Nunavut wildlife board revisits Kivalliq polar bear quota
Survey numbers from 2016 show population decline
The Nunavut Wildlife Management Board is revisiting last fall’s surprise decision to raise harvesting quotas for polar bears in the Western Hudson Bay sub-population, inviting participants in favor and against the decision to a public hearing that was to have been held this week in Rankin Inlet.
The scheduled Jan. 9 to Jan. 10 meetings fulfill the second motion in a two-part resolution passed by the NWMB last September, which temporarily increased the total allowable harvest of Western Hudson Bay polar bears from 28 to 34 animals for the remainder of the 2017-18 hunting season, but promised further review.
Now, Inuit organizations and government agencies will have a second chance to weigh in on a future quota, which will likely be implemented in the upcoming 2018-19 season—beginning July 1.
But those agencies appear split on their recommendations for a future quota, according to documents already submitted by each group to the NWMB website.
“Polar bear encounters with humans have increased significantly, especially near Arviat, Chesterfield Inlet and Whale Cove,” said the Kivalliq Wildlife Board in a Nov. 24 written submission.
Kivalliq hunters are calling for a further increase to 45 polar bears per year, with 40 tags allocated to Kivalliq communities and five tags given to Manitoba, which shares the polar bear subpopulation.
“Public safety and protection of property is a major concern for people in the Kivalliq,” the Kivalliq board said, adding there were 380 sightings of polar bears within Arviat in 2017, according to statistics provided by Nunavut’s Environment Department.
In its own recommendation, Nunavut Tunngavik Inc. supports the NWMB’s quota increase to 34 polar bears, saying the modification took into account the perspectives of Inuit “who have been advocating for an increase on the grounds of both conservation and public safety.”
On the other hand, the Government of Nunavut is staying put with its own quota recommendation of 28 polar bears, which was overturned by the NWMB last fall at an earlier meeting.
That recommendation was based on an aerial survey conducted by Nunavut scientists in 2016, which estimated about 842 polars bears in the subpopulation using a mathematical equation, down from 1030 estimated bears in 2011.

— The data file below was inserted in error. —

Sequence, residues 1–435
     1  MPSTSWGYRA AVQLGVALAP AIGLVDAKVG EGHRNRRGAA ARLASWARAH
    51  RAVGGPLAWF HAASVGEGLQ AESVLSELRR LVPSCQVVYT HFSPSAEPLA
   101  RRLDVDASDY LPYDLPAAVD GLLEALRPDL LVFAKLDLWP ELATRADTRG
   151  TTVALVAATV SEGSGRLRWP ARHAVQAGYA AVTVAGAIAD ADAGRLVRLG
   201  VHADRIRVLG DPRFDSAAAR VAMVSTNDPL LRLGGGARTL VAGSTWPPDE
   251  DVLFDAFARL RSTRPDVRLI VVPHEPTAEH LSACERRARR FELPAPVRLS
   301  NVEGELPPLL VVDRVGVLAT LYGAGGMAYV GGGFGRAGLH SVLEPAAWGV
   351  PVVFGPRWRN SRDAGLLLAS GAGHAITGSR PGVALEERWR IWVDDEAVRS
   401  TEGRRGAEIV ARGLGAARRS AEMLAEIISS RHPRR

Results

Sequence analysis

That survey also cited evidence of lower reproductive performance among the subpopulation and decline in body conditions. It also said changing sea ice levels could be affecting the population.
But the territory admitted it doesn’t have sufficient evidence to make a judgment on the subpopulation’s overall health, and therefore would continue to classify it as “relatively stable.”
In a Nov. 23 letter, Environment and Climate Change Canada supported the recommendation by Nunavut’s government, but also recommended enhancing deterrent infrastructure, such as bear monitoring programs, electric fences and steel bins for communities.
“It is the weight of evidence that warrants a precautionary approach be taken when setting harvest levels,” Environment and Climate Change Canada deputy ministers Sue Milburn-Hopwood and George Enei said in a letter.
The NWMB’s surprise recommendation to increase the Western Hudson Bay polar bear quota came after an impassioned speech by the Kivalliq Wildlife Board president, Stanley Adjuk, in Iqaluit last year.
Adjuk argued that the territory’s recommendation for a 28-polar bear quota was detached from the realities faced by Kivalliq residents.
“Our kids, our grandkids, we’ve got to watch them, every single night now,” Adjuk said this past Sept. 11 at an NWMB board meeting.
Following that meeting, Arviat South MLA, Joe Savikataaq, then the Nunavut environment minister, quietly approved the NWMB’s resolution, increasing the quota to 34 polar bears for the reminder of the 2017-18 hunting season.
Any recommendation reached by the NWMB following its Rankin Inlet consultations will have to be ratified by Nunavut’s current environment minister, Elisapee Sheutiapik.